Following on from my post last week about the need for a ‘regulatory compliance framework’, I will now examine the importance of taking a more holistic view of this challenge. We are now in a much better position to bring intelligent design and technology
to bear in solving this problem and it’s vital that we should. However, the basic building blocks of the systems development life cycle (SDLC) process chain still stay the same:
- Document assessment: Starting at the beginning of the project we have the documents from all of the appropriate regulators (not only financial regulators – there are potentially 12 or so additional regulators who hold purview over institutions regulated
by the national financial authority). These documents may include thousands of pages, many cross referencing each other, meaning that deciphering the specific deliverable for each subject matter out of each document and bringing it all together is a herculean
- Organisational impact assessment: Determining which banking division it will affect, which office and which business function, and how many people, and stems will be affected, and how it will change the operating model is the another mammoth task.
- Planning the change: Then comes the task of planning for all of the changes to technology and systems, people, and processes (the classic Programme Plan), and the proposed critical path, bearing in mind any interdependencies with other in-flight
- Change programme staff: Staffing these large programmes of change (often on a limited budget) is another major headache. This means balancing the requirement for subject matter experts (SMEs), internal and external staff (and whether they are located
onshore, nearshore or offshore), management overhead and logistics.
- The engineering component: Establishing the best approach is a prized craft of our profession, which comes with a degree of risk. Whether to enhance old or build new systems, and deciding on whether waterfall or agile methodologies are used, through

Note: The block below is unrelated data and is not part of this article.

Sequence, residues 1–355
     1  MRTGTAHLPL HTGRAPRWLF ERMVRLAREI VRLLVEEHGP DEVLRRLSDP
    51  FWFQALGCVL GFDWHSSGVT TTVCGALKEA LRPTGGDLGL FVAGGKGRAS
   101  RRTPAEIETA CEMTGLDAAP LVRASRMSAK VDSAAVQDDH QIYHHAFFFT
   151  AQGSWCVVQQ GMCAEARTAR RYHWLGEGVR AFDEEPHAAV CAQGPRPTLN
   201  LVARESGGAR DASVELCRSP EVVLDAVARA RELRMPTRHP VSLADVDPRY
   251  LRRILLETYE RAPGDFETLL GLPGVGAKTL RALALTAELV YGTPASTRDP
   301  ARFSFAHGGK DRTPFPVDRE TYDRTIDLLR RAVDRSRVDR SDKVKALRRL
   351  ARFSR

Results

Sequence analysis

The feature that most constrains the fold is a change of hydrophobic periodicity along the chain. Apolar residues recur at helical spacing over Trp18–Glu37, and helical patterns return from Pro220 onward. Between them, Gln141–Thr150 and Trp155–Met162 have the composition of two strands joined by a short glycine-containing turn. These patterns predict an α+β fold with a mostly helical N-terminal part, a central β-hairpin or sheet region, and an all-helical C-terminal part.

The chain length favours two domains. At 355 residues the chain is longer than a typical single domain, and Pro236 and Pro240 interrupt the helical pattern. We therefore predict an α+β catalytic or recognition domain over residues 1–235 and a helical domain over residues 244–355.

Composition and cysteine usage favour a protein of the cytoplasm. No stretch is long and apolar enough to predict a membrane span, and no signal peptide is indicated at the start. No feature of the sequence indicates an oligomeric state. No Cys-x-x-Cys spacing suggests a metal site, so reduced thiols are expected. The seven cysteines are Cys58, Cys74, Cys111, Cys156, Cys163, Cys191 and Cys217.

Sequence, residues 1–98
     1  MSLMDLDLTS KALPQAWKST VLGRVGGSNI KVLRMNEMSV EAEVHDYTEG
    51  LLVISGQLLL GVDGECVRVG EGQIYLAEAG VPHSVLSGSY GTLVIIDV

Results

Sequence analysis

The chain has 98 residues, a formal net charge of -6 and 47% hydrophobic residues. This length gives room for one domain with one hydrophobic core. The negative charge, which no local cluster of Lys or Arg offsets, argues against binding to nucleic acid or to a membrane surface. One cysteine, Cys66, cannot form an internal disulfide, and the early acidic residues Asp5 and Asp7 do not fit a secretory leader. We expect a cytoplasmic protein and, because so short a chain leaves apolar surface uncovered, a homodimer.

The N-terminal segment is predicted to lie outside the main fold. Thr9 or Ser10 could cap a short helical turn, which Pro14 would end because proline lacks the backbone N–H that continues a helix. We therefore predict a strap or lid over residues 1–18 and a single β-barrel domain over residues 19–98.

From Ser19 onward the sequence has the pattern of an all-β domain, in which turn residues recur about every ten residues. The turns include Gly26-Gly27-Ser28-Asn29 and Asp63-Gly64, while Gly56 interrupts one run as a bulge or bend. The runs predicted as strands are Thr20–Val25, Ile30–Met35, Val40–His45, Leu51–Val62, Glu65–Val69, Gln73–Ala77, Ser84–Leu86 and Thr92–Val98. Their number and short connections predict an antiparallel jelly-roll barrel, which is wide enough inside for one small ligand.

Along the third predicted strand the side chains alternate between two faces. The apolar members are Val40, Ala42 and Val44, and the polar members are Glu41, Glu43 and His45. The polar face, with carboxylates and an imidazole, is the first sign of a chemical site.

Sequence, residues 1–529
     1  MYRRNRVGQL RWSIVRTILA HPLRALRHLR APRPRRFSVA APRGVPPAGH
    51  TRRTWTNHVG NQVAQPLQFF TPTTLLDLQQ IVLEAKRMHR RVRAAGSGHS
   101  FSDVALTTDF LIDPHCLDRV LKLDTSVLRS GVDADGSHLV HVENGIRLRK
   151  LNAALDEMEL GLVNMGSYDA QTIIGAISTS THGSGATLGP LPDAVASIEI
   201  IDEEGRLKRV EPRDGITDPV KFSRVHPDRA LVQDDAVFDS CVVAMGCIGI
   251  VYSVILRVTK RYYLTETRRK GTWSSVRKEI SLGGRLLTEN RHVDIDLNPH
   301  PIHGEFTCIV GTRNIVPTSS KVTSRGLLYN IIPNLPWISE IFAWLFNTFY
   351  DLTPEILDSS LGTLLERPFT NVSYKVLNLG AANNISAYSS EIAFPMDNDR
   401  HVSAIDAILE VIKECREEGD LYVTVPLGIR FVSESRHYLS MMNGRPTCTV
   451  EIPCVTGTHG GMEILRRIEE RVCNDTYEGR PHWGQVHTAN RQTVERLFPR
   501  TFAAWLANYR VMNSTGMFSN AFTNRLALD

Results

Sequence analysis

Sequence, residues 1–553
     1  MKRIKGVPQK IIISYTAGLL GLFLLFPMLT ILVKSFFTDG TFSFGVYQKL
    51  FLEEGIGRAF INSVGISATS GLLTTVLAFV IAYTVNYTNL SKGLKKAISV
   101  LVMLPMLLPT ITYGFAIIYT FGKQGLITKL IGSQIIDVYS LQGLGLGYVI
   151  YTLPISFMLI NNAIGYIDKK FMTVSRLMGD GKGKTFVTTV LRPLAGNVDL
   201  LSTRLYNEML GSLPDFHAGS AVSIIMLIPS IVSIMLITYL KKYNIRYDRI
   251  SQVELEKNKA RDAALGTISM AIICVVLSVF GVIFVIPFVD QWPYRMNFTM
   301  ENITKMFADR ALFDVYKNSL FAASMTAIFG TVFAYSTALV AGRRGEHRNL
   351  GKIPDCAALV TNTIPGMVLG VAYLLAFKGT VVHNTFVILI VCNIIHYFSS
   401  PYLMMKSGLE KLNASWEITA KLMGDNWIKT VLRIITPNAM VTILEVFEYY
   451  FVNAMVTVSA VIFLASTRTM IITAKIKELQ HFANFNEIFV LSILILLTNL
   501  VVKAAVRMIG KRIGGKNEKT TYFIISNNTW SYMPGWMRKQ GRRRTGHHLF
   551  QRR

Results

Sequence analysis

to the acceptance testing regime across multiple technology stacks, and interfacing the data flows seamlessly are all of critical importance.
- Measurement dashboard: Building the end-to-end performance measurement dashboard for the ‘Business as Usual Operating Model’ is normally compulsory these days.
- Communications: It is crucial to ensure that internal and external stakeholders, staff, suppliers, and customers are engaged and understand what progress is being made – which involves a well thought through communications plan (timings, content
and dissemination mediums).
- Education plan: Typically left until too late (if not forgotten), the education plan is essential for bringing all staff to the required level of understanding, be that general subject matter and programme awareness, job specific responsibilities,
and managerial and SME responsibilities.
So the concept of an end-to-end unified programme plan, which combines every one of these SDLC disciplines can be a minefield, especially when the wild horses seem to be going faster and faster.
No matter, it is important to move quickly with the times. The priority must be to build the detail of the programme plan and target operating model, along with estimation tools with embedded risk factors, accelerators to streamline desktop development into
production environments, end-to-end tracking and performance measurement while implementing the programme plan, and finally the business-as-usual operating model dashboard.
With all this in mind, we also need to remember the ultimate goal of the regulatory compliance framework – to provide a governance environment to simplify the implementation of
every regulation, and in so doing, map every regulatory requirement to the right technology, process or staff; and therefore be able to measure and monitor the performance of those staff, technology, and processes
against every regulatory requirement.
Now wouldn’t a regulatory compliance framework of this nature be a wonderful outcome?